Arctic drilling equipment is allowed at Port of Seattle cargo terminals, according to the Seattle Hearing Examiners office, because it carries stuff.
Arctic drilling equipment is allowed at Port of Seattle cargo terminals, according to the Seattle Hearing Examiner's office, because it carries stuff. Heidi Groover

The mayor, the city council, and the Department of Planning and Development (DPD) have lost a battle over whether hosting Arctic drilling equipment is kosher at the Port of Seattle's Terminal 5.

The argument started earlier this year, after the port quietly signed a lease with local shipping company Foss Maritime in order to host Shell's Arctic drilling fleet at the space. During the weeks of public protest that followed, Mayor Ed Murray and the city council decided to step in. They came up with a joint initiative that asked the Department of Planning and Development to review the land use permit for Terminal 5, and whether that permit even allowed for hosting Arctic drilling equipment.

When the DPD ruled that storing Arctic drilling equipment didn't fall into the definition of what a "cargo terminal" does, Foss and the port filed an appeal with the city Hearing Examiner. Their argument, boiled down into two parts: 1) The DPD didn't know what the fuck it was talking about when it came to cargo terminals 2) Further, if the city were to start defining what was or was not allowed at a cargo terminal, it could limit all sorts of regular shipping or fishing activities at any cargo terminal, like at Terminal 91, for example.

This morning, Seattle Deputy Hearing Examiner Anne Watanabe agreed with the port and Foss's first argument—that the DPD didn't know what the fuck it was talking about when it came to cargo terminals. The second argument, Watanabe wrote, didn't need to be considered because the conflict only concerned Foss operations at Terminal 5. So all that scary stuff about the city wanting to screw up port business at all cargo terminals? Not relevant. However, Watanabe did rule that Foss's activities for the Polar Pioneer and its support vessels were cargo terminal activities and the DPD interpretation was "clearly erroneous."

In practical terms, all of this may be a bit moot. Shell is now pulling out of the Arctic, and its local host—Foss Maritime—is possibly considering new clients to occupy the two-year space for which Shell has paid at the Port of Seattle's Terminal 5.

But if Shell or any other company is looking to give offshore Arctic drilling (or, potentially, another controversial fossil fuels project) another try and wants to dock in Seattle, now we know that any cargo terminal at the Port of Seattle can legally accommodate them. (And that the city has less power than it thought to do anything about it.)

Foss, understandably, is pleased. "The ruling is an encouraging sign that Seattle will continue to welcome the maritime industry, which has provided jobs, tax revenue and other economic benefits since the city was founded," Foss spokesman Paul Queary said in an e-mailed statement. "We look forward to working with the City of Seattle in the future to improve the business climate for the maritime industry."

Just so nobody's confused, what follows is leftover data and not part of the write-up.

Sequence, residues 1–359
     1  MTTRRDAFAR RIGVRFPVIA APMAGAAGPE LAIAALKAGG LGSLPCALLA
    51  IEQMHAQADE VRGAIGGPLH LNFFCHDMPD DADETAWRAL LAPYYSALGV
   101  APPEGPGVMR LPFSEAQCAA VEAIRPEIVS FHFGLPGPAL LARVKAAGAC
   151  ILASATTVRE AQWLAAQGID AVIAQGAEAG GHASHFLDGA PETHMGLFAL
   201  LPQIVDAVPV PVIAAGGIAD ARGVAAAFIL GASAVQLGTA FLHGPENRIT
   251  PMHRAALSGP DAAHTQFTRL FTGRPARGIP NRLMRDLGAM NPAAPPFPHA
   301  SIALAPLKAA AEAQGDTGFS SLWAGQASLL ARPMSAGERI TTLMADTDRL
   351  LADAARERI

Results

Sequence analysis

Environmentalists, understandably, are not pleased. "We're definitely considering an appeal," Earthjustice lawyer Patti Goldman said.

Mayor Murray also expressed his disappointment in an e-mailed statement. "While I am disappointed that the hearing examiner ruled that servicing off-shore drilling rigs is a cargo terminal use, I will respect the ruling," he said. "Shell has made a business decision to halt further off-shore oil exploration in Alaska. Now is the time for us to come together to collaborate on new projects to support the growth of maritime jobs while protecting our natural environment. I look forward to renewing the City’s partnership with the Port, Foss Maritime, our unions and other maritime interests to build a vibrant future for our harbor."

The bigger beef here, though, isn't what a cargo terminal is or isn't. It's not even about a single Arctic drilling rig. The fundamental issue at play for the port was whether it would give the public the opportunity to weigh in on a public agency's doings when it found them to be nontransparent and unethical. The port railroaded public participation on the lease with Foss, which is partly a function of how the port has traditionally operated in years past, but also a function of who sits on the port commission—a body of five feckless elected King County officials who are supposed to represent the public's interests.

City Council Member Mike O'Brien, who paddled out in a kayak to protest the Polar Pioneer while it was in Seattle, also said he was disappointed by the ruling. "But I think at the end of the day most of these decisions and directions are going to be considered by elected officials, including elected officials at the port," he said. "Obviously a change of leadership with Bill Bryant stepping down, and the two opponents [who] both opposed the Arctic drilling rig, that alone will have far more impact than the Hearing Examiner's ruling over the port as an environmental steward."